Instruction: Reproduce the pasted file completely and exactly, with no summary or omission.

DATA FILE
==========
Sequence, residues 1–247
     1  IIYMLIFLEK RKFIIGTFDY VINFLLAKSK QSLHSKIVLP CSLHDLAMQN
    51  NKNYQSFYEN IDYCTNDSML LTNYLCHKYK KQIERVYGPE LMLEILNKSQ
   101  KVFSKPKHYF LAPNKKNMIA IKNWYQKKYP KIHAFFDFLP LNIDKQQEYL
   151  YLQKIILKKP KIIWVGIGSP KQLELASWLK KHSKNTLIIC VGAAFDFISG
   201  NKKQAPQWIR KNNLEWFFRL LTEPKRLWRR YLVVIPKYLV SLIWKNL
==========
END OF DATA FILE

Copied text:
Sequence, residues 1–247
     1  IIYMLIFLEK RKFIIGTFDY VINFLLAKSK QSLHSKIVLP CSLHDLAMQN
    51  NKNYQSFYEN IDYCTNDSML LTNYLCHKYK KQIERVYGPE LMLEILNKSQ
   101  KVFSKPKHYF LAPNKKNMIA IKNWYQKKYP KIHAFFDFLP LNIDKQQEYL
   151  YLQKIILKKP KIIWVGIGSP KQLELASWLK KHSKNTLIIC VGAAFDFISG
   201  NKKQAPQWIR KNNLEWFFRL LTEPKRLWRR YLVVIPKYLV SLIWKNL